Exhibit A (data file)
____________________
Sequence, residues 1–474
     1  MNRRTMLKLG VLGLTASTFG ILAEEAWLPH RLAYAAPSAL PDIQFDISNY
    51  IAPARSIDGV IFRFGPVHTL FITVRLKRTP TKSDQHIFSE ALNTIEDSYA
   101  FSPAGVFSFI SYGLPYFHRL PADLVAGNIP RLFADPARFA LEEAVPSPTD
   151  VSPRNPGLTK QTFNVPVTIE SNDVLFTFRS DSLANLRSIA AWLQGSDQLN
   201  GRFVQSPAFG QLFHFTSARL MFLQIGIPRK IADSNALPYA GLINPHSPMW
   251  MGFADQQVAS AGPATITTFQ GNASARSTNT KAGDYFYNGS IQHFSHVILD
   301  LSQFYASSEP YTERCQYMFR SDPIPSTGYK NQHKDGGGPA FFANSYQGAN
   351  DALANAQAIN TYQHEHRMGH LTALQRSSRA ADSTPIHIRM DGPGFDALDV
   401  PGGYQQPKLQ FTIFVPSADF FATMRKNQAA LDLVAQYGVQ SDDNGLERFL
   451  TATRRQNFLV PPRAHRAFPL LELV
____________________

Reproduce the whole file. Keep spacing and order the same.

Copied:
Sequence, residues 1–474
     1  MNRRTMLKLG VLGLTASTFG ILAEEAWLPH RLAYAAPSAL PDIQFDISNY
    51  IAPARSIDGV IFRFGPVHTL FITVRLKRTP TKSDQHIFSE ALNTIEDSYA
   101  FSPAGVFSFI SYGLPYFHRL PADLVAGNIP RLFADPARFA LEEAVPSPTD
   151  VSPRNPGLTK QTFNVPVTIE SNDVLFTFRS DSLANLRSIA AWLQGSDQLN
   201  GRFVQSPAFG QLFHFTSARL MFLQIGIPRK IADSNALPYA GLINPHSPMW
   251  MGFADQQVAS AGPATITTFQ GNASARSTNT KAGDYFYNGS IQHFSHVILD
   301  LSQFYASSEP YTERCQYMFR SDPIPSTGYK NQHKDGGGPA FFANSYQGAN
   351  DALANAQAIN TYQHEHRMGH LTALQRSSRA ADSTPIHIRM DGPGFDALDV
   401  PGGYQQPKLQ FTIFVPSADF FATMRKNQAA LDLVAQYGVQ SDDNGLERFL
   451  TATRRQNFLV PPRAHRAFPL LELV